Google Gets Hit With Another Antitrust Complaint On The Same Day It Strikes A Privacy Sandbox Deal With The UK’s CMA

Comic: What Else?

What a world.

On Friday of last week, over the course of less than 24 hours, the UK’s competition authority provisionally closed its investigation into the Chrome Privacy Sandbox, and, separately, a coalition of top European publishers filed an antitrust complaint in the EU accusing Google of anticompetitive digital advertising practices.

Never a dull moment. Here’s a rundown of what happened.

Sandbox patrol

After investigating Google’s plan to phase out third-party cookies in Chrome for more than a year and months of back-and-forth discussions, the UK’s Competition and Markets Authority (CMA) accepted Google’s revised commitments to address anticompetition concerns related to the Privacy Sandbox.

These commitments are now legally binding and include updates based on feedback collected late last year from ad tech providers, advertisers, publishers, trade orgs and academics. The ad industry, in particular, was concerned that Google’s original set of commitments to the CMA didn’t include a strong enough enforcement mechanism or provide enough transparency and clarity into Google’s own use of data.

Now, Google has agreed not to remove third-party cookies until the CMA “is satisfied that its competition concerns have been addressed.” The CMA’s main worry is that phasing out third-party cookies in Chrome will give Google an unfair advantage in the digital ad market (not that it doesn’t arguably … allegedly? … have one already).

Google also pledged to involve the CMA and the Information Commissioner’s Office (the UK’s data protection authority) to develop and test Privacy Sandbox proposals. Google also pledged to more openly engage with third parties and publish test results.

As you may recall, there was a big brouhaha early last year when Google claimed cohort-based advertising using the now-retired Federated Learning of Cohorts API is 95% as effective as cookie-based targeting. But Google didn’t share details about its measurement methodology and how other companies could achieve similar results.

(Eventually, it came out that Google’s FLoC experiment relied on frequency capping tied to cookies and real-time access to cross-site publisher data, neither of which will be available once cookies go kaputski.)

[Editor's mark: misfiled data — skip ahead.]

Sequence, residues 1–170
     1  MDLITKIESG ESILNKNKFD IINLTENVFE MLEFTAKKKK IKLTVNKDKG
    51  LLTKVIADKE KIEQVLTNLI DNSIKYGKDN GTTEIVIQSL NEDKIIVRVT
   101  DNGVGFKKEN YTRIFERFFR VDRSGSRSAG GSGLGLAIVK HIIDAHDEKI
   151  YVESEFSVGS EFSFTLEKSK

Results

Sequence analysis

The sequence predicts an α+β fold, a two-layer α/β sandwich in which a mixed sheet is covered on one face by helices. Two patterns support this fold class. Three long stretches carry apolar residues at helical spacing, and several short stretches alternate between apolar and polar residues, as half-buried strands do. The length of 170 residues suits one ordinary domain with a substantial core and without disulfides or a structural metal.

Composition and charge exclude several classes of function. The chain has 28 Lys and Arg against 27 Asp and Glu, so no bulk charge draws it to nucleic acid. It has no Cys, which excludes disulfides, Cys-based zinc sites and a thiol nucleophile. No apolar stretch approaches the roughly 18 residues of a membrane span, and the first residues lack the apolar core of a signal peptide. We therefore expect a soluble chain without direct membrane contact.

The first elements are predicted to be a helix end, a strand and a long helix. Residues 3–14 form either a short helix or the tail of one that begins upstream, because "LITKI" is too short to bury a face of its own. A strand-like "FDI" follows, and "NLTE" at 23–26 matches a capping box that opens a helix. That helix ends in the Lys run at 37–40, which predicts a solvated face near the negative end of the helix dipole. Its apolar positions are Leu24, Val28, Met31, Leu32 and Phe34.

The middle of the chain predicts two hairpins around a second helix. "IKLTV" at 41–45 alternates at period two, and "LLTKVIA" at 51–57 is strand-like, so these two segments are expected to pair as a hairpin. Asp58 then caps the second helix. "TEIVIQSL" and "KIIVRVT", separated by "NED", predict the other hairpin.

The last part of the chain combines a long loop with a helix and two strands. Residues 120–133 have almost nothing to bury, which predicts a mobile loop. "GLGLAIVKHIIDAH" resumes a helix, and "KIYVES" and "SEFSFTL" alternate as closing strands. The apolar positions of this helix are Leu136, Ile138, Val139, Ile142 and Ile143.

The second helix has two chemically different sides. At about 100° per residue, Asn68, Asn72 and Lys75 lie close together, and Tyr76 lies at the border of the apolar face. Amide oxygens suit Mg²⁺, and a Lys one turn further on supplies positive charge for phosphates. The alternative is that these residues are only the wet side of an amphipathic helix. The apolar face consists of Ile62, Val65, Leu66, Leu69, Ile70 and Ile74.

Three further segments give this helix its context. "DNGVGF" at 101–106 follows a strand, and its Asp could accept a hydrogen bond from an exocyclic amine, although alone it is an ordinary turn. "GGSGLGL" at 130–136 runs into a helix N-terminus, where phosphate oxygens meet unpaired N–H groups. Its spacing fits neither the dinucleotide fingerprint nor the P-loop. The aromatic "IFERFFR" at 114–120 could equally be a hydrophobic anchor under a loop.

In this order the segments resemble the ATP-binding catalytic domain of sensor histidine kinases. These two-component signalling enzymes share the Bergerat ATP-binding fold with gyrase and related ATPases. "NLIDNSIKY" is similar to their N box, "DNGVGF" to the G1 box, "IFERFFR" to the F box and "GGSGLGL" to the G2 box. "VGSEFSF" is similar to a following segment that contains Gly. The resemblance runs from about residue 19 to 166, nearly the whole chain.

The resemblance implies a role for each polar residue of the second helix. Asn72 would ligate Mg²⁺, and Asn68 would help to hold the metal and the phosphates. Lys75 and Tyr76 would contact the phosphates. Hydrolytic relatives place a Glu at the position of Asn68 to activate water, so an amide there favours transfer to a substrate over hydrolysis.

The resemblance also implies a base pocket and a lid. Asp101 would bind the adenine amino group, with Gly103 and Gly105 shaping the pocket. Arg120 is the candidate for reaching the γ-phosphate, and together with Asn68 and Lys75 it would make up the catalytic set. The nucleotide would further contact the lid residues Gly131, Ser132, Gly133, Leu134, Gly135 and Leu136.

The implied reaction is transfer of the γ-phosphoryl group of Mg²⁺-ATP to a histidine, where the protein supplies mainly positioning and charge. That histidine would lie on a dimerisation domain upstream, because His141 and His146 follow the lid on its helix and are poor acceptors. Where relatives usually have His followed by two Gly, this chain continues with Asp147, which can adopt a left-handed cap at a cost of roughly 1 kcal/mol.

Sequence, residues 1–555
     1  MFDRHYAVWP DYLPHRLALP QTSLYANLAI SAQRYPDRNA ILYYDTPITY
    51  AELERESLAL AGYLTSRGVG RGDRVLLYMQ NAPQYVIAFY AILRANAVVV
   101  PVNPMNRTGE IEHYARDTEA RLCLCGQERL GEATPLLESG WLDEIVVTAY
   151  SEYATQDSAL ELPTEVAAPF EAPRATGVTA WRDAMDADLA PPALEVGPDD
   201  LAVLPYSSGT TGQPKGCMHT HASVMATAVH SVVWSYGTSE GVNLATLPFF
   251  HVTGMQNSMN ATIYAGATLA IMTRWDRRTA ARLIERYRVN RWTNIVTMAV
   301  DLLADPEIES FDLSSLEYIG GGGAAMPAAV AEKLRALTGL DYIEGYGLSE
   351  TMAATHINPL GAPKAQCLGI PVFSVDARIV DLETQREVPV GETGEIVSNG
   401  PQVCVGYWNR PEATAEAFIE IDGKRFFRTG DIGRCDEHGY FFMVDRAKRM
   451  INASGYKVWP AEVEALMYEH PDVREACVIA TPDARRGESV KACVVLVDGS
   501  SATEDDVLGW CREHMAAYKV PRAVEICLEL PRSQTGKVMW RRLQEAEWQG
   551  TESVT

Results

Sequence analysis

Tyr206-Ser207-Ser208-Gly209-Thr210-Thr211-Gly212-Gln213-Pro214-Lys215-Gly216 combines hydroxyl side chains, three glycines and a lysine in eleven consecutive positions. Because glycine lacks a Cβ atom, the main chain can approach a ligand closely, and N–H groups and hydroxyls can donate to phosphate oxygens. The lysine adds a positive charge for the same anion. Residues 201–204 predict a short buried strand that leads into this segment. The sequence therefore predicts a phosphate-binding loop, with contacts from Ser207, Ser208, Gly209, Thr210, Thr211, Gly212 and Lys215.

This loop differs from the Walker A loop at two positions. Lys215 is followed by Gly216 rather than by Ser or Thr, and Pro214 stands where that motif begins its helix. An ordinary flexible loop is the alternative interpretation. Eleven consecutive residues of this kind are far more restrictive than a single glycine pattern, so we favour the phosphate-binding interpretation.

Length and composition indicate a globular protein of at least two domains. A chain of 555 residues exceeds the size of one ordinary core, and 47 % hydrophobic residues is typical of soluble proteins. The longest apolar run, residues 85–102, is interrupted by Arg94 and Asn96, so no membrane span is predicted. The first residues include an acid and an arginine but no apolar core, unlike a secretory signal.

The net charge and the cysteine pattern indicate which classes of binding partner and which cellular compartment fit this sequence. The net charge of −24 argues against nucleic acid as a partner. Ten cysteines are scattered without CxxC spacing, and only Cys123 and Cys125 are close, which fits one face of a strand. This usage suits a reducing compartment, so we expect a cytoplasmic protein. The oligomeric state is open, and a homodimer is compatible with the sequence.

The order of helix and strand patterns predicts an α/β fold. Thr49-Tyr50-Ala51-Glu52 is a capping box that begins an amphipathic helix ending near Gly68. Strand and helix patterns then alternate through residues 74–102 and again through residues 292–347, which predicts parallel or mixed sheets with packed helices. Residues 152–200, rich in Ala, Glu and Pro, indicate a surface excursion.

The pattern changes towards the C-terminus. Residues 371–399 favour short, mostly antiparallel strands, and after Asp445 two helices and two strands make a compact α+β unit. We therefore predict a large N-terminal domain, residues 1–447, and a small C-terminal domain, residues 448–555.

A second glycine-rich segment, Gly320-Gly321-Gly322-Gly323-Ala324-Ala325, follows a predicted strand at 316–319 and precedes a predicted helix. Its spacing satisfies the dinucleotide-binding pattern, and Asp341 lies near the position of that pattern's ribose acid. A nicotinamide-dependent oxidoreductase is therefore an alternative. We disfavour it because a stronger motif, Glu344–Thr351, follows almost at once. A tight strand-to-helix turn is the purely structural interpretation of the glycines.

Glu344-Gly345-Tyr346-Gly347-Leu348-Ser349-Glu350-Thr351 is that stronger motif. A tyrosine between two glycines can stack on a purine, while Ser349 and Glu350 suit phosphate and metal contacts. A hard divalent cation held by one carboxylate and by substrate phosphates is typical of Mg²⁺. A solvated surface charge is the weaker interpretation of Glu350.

Google also promised to restrict the sharing of data within its own sites and apps and not self-preference its own ad tech after removing third-party cookies.

A CMA-approved trustee (to be appointed “shortly”) will be tasked with monitoring Google to make sure it sticks with the program.

If Google doesn’t adhere to its commitments to the CMA’s satisfaction, the regulator reserves the right to “take further action,” including reopening its investigation.

More information than you ever knew you wanted or needed about Google’s final commitments is available here.

“The commitments we have obtained from Google will promote competition, help to protect the ability of online publishers to raise money through advertising and safeguard users’ privacy,” Andrea Coscelli, the CMA’s chief executive, said in a statement.

Google’s “stranglehold”

But these decisions are central to how sites and publishers make money through online advertising … and some publishers are taking matters into their own hands.

Within an hour of (but separate from) the CMA’s announcement about Privacy Sandbox, the European Publishers Council (EPC) filed a formal antitrust complaint with the European Commission (EC) accusing Google of anticompetitive conduct in the digital ad market.

The European Commission has its own ongoing antitrust investigation looking into Google allegedly preferencing its own ad products. That probe kicked off in June 2021. The EPC said it expects for its complaint to form part of the EC’s investigation.

The EPC’s membership includes the CEOs and chairs of some of the biggest media brands in Europe and the world, among them News UK, Schibsted, The New York Times, The Guardian, Pearson, Conde Nast, Bonnier, Bauer Media and Axel Springer.

Christian Van Thillo, the EPC’s chairman, didn’t mince words in a statement released alongside the complaint calling on the European Commission “to take concrete steps right now that will actually break the stranglehold that Google has over us all.”

Many of the allegations in the EPC’s complaint echo the claims laid out in the Texas-led antitrust lawsuit, originally filed in December 2020, unredacted in October 2021, then unredacted yet again in January.

The EPC accuses Google of actively depressing publisher revenue by preventing ad exchanges from competing against each other to boost prices. The higher price averages that publishers have been able to achieve via header bidding, the complaint argues, only proves this point.

The complaint also calls Google out for its “supra-competitive” 20% fees on AdX, for removing the ability for publishers to set buyer-specific floors as part of the switch to a first-price auction in 2019 (which favored Google’s ad buying tools) and for generally manipulating the auction (Project Bernanke, etc.).

Oh, and can’t forget about cookies.

The EPC notes that Google’s plans to kill third-party cookies in Chrome “in the absence of an effective replacement” could further diminish publisher revenue in the short term by up to 70%.

Guess they don’t have a lot of faith in the Privacy Sandbox.

Enjoying this content?

Sign up to be an AdExchanger Member today and get unlimited access to articles like this, plus proprietary data and research, conference discounts, on-demand access to event content, and more!

Join Today!